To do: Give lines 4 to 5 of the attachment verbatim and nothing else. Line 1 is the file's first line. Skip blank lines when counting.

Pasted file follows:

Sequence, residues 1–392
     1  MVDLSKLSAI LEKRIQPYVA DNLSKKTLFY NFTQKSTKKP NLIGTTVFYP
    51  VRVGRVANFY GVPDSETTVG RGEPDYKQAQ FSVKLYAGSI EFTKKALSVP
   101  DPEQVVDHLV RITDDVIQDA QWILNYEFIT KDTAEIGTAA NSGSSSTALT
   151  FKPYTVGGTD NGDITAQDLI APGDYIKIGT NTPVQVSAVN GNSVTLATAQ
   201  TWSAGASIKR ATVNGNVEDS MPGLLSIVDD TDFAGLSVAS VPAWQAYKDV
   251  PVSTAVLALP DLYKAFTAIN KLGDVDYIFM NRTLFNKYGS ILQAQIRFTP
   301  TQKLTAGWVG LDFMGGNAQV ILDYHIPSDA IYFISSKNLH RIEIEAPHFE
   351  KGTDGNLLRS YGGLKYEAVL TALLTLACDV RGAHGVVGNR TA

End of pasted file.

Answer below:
   101  DPEQVVDHLV RITDDVIQDA QWILNYEFIT KDTAEIGTAA NSGSSSTALT
   151  FKPYTVGGTD NGDITAQDLI APGDYIKIGT NTPVQVSAVN GNSVTLATAQ